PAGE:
• College coaches need to have an official ACT or SAT score and a copy of your official high school transcript before you can make a visit.
  • Coaches can make telephone calls and send written correspondence as per the rules for your junior year. 

NCAA Recruiting Contact Periods

The NCAA publishes recruiting calendars with specific restrictions and rules on when, where and how coaches can communicate with high school athletes they are trying to recruit. These NCAA Contact Periods are critical in the athletic scholarship recruiting process, and any athlete needs to understand them. Below are the four types of contact periods on the NCAA Calendar, with explanations:

Contact Period

The Contact Period has minimal restrictions, and just about every type of contact is allowed between the college coach and the high school athlete. You can meet off or on campus, and the coach is allowed to watch an athletic event. Below are the types of contact that are allowed during this NCAA Contact Period:


  • Unofficial Visits
  • Official Visits
  • Off campus / home visits
  • Letters
  • Emails
  • Calls
  • Event viewing / evaluations during your club or high school competition

Evaluation Period

The Evaluation Period on the NCAA Recruiting Calendar is a bit more restrictive than the open Contact Period, and is primarily for the coach to "evaluate" you. The big difference is that the coach cannot have ANY off campus contact with the athlete or parent. Here is what is allowed:

  • Unofficial Visits
  • Official Visits
  • Letters
  • Emails
  • Calls
  • Event viewing / evaluations during your club or high school competition

Quiet Period

The Quiet Period is a restricted time, typically before the National Letter of Intent (NLI) day that prevents a coach from having any off campus viewing or interaction with the athlete and parents. Here is what is allowed during this NCAA Quiet Period:

  • Unofficial Visits
  • Official Visits
  • Letters
  • Emails
  • Calls

Dead Period

The NCAA Dead Period  is the most restrictive time for communication between the coach and the high school recruit, and only allows the following:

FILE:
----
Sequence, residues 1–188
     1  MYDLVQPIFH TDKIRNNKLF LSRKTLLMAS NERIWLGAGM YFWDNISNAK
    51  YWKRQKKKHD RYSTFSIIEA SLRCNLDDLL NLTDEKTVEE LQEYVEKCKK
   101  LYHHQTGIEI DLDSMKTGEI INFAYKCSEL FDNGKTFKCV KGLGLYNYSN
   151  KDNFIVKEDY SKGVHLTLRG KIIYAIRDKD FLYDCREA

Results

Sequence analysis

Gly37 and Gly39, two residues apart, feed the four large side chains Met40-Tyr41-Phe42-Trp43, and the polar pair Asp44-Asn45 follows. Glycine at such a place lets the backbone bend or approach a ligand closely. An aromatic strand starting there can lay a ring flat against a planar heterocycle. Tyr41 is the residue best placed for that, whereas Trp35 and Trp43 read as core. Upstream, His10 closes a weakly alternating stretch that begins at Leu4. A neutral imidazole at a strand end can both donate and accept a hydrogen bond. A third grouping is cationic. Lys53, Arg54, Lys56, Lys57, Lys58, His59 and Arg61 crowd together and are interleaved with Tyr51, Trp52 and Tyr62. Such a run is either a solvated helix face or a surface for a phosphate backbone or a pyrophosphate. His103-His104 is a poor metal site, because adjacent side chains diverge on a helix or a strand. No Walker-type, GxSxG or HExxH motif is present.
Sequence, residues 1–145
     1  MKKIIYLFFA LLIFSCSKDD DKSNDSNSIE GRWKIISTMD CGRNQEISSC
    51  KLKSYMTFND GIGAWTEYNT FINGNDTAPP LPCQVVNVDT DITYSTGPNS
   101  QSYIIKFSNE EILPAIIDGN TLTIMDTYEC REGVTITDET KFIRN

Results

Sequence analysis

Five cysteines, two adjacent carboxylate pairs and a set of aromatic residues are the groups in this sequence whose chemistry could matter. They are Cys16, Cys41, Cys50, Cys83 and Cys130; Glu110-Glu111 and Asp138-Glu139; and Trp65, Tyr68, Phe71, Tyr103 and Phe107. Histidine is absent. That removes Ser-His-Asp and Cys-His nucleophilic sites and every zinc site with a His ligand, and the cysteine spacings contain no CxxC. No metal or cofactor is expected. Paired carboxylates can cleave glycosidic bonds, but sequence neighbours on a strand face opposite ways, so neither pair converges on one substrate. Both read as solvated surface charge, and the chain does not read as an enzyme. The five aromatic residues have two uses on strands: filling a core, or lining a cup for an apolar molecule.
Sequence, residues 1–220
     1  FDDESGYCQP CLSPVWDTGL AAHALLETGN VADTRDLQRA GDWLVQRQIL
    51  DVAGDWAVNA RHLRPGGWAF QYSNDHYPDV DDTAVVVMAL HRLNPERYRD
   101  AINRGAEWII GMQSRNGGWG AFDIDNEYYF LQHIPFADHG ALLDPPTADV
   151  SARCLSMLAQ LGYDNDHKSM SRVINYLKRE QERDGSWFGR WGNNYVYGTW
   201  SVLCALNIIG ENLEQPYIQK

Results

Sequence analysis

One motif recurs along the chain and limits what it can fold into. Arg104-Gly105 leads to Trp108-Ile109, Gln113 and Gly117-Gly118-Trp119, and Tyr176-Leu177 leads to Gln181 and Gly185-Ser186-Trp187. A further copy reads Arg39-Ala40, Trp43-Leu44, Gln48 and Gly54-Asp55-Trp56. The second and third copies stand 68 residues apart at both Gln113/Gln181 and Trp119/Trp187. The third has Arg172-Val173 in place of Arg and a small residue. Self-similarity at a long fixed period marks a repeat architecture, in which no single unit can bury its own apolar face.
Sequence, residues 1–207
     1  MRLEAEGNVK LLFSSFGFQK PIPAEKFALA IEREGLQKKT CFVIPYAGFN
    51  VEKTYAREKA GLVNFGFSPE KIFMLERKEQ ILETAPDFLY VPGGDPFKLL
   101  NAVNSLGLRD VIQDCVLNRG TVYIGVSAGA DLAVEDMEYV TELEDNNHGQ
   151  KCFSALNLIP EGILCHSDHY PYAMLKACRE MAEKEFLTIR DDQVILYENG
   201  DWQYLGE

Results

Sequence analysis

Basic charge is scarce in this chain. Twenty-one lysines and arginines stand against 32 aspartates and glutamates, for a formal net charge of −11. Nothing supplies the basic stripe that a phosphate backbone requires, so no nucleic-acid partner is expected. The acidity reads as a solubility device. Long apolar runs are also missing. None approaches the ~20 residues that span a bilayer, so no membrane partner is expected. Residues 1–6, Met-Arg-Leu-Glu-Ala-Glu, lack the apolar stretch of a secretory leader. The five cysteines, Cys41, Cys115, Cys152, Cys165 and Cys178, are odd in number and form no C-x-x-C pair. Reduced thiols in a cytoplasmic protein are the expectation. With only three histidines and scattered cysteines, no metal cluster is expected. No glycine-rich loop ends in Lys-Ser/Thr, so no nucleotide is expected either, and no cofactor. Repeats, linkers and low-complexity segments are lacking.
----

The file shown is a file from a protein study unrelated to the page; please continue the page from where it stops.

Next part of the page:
• Letters
  • Emails
  • Calls
  • College visits are allowed, but you cannot meet the coaches.


NCAA Division 1 Baseball Recruiting Calendar

NCAA Recruiting Calendars



The answer to this question is a resounding — ABSOLUTELY! 

Most people see the sticker price on a college and wonder how they will afford it. What goes untold is that colleges will take money right off the top if you have a good GPA and/or ACT score. So a school that appears to cost $35,000 can drop down to $24,000 with a 3.5 GPA or above and/or a 24 ACT score. Each school is different in what they deduct and they all have different tiers that allow for more deductions. For example, if you boost your ACT from a 24 to a 28, that may get you an additional $2000 off!



On top of the academic money, you can receive money to play baseball (only D1 and D2 have scholarship money for baseball). 

D1 schools have 11.7 full scholarships to spread out between 35 varsity players. So if someone tells you they got a full ride to play baseball, they are not telling the truth. Any full ride would be a combination of academic money and baseball money.

Pitchers usually get more of the baseball money — a top-tier, draftable type pitcher MAY get 70% for baseball where a top-tier position player may only get 50%. Most players get considerably less. By D1 rule, if you are getting any money for baseball it has to be at least 25%. 

D2 schools have 9 full scholarships. Again, starting pitchers may get the better baseball money offers. And there is no 25% rule.

D3 & NAIA schools do not give baseball scholarships. You will only get academic money from these schools..


Scholarship, Preferred Walk-ons & Walk-ons. There are 3 avenues to playing college baseball. You can be a scholarship player (discussed above). You can be a preferred walk-on, which means that you have a spot on the team but are getting NO athletic money. Or you can be a walk-on. That means you go to the school's walk-on tryout without having a guaranteed spot on the team and you perform well enough to make the roster.